Urban Night shots with HIE

Discussion in 'B&W: Film, Paper, Chemistry' started by Soeren, Aug 29, 2005.

  1. Soeren

    Soeren Member

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    I hav purchased Tim Rudmans "The Photographer's Master Printing Course"
    on one of the first pages there is a picture shot at night using infrared film.
    The subject is lit by a street lamp. I'm thrilled and inspired by that picture but infrared at night ?
    Is it really possible ?
    How much IR comes from street lamps ?
    approx what EI to use with HIE ?
    What filter, If any ?
    I have a 664nm ? filter or something like that.
    Greetings Søren
     
  2. htmlguru4242

    htmlguru4242 Member

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    Hmmm... that's quite an idea - IR at night. It's probably possible, as you can do IR portrait stuff with high - level tungsten light and a deep red filter.

    As to how much IR comes from street lights, it depends on what kind of a light it is... I'll get back specifically the info for different types shortly...

    And for the speed, it's hard to tell: under tungsten light, without a filter, I'd rate HIE at about ISO 80 - 100. Under daylight, it's a little under ISO 200. Using a filter, though, the speed changes quite a bit.

    At night, though, with an infrared (RM72, wratten 88), the speed will proably be in the single or low double digits. Your exposure meter will also probably not give you any good information, due to poor IR sensitivity, so you'll have to guess and bracket a lot...

    Try it though, this could be really neat...
     
  3. colrehogan

    colrehogan Member

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    With Kodak HIE, a red 25 filter is usually enough to give the IR effect during the daylight. At night, you may want to try using it without a filter and with the red 25 filter. Any other filter, and you will be standing there for quite a while.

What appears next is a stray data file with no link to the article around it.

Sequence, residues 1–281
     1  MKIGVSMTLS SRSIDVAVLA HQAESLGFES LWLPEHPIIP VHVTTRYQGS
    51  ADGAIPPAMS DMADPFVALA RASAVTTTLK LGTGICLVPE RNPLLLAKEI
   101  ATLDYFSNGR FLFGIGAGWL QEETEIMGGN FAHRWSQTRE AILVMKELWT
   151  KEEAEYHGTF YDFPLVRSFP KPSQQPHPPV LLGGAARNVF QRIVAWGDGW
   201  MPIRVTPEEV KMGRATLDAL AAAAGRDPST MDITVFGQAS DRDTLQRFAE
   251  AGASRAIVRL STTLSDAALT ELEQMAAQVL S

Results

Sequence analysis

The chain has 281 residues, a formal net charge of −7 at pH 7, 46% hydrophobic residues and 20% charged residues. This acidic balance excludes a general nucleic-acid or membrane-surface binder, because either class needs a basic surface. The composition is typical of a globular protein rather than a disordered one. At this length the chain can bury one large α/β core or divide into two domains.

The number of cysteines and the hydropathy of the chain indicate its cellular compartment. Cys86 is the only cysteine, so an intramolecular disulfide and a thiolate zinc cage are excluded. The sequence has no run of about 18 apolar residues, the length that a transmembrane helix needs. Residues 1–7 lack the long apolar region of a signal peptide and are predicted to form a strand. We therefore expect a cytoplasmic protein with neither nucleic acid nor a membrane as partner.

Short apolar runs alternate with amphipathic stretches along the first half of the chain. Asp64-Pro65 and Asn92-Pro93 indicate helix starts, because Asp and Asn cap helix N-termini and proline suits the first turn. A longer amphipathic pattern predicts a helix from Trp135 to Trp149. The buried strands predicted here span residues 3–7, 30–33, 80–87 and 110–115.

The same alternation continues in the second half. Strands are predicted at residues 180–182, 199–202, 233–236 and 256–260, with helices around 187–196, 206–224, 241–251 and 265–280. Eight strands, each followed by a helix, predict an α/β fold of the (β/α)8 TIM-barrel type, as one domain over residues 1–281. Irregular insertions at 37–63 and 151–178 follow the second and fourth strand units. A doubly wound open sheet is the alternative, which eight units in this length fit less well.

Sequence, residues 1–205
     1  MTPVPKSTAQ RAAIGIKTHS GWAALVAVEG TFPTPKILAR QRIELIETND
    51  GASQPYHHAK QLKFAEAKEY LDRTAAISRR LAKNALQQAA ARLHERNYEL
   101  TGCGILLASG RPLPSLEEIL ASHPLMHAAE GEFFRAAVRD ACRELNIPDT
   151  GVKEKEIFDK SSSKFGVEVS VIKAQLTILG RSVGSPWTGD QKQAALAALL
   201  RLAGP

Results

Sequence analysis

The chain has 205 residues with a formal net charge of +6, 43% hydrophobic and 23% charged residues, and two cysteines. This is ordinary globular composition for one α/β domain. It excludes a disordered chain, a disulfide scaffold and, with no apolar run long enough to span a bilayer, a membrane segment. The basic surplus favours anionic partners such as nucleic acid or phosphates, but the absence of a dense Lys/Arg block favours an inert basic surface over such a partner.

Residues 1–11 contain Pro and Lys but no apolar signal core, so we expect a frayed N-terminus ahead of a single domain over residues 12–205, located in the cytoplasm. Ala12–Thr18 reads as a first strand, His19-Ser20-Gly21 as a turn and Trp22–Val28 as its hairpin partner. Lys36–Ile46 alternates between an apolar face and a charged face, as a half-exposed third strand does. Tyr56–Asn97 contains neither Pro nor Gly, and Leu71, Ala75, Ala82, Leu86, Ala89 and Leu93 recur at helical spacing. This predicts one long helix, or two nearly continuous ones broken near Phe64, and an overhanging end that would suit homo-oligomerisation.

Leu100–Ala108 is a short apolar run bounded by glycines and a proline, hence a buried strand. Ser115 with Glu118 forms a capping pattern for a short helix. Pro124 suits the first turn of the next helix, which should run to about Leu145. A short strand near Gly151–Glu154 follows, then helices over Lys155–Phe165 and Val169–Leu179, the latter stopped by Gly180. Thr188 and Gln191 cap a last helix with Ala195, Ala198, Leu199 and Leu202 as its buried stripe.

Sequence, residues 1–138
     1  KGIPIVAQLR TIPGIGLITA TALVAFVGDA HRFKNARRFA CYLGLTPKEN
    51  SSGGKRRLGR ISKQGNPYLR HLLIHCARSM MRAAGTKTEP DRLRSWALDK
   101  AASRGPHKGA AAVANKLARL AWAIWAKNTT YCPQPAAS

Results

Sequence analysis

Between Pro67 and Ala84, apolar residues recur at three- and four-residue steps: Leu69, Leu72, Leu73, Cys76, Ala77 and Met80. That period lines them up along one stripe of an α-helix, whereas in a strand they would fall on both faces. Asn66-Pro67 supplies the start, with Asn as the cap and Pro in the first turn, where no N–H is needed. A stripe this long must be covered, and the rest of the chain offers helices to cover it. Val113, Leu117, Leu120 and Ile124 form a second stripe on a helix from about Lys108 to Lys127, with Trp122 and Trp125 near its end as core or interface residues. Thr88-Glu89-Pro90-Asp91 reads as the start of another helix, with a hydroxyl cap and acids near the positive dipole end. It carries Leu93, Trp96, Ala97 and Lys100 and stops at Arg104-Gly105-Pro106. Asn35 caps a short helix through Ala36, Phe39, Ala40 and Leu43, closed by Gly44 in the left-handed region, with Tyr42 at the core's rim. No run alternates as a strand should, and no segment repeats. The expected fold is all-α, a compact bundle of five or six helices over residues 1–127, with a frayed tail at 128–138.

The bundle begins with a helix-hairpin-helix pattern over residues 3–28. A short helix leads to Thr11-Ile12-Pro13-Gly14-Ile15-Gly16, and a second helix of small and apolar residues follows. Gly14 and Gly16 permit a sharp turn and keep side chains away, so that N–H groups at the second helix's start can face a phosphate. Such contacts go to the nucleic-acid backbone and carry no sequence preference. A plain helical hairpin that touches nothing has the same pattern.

4. htmlguru4242

    htmlguru4242 Member

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    I do agree: a red 25 filter or no filter will probably work best.


    I checked up on the emission spectra of street lights, and it confirms this...

    Some street lights are xeon (the blue ones), and have a lot of UV, but a decent amount of IR. Tungsten lights (standard bulbs), which are unlikely to be street lights, put out a lot of ir (as much or more than they do visible light).

    Sodium, hydrogen, or mercury lamps (most common here in the US), have a lot of UV and visible light, but IR is quite low...

    I'll try this as well, as i have a few filters hanging around and a roll of HIE in the fridge that I need to use...
     
  5. jim appleyard

    jim appleyard Member

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    Yes, you could! but that could be half the fun. We've all seen those photos taken at night with the tail/headlights of cars showing up as long blurs (phaser fire!). Well, standing there with the camera set on "B" for several seconds/minutes will do this for you. I highly recommend an all-manual camera; setting it on "B" won't drain the battery required to operate the shutter on many models and many newer cameras use an infrared exposure counter that might fog HIE.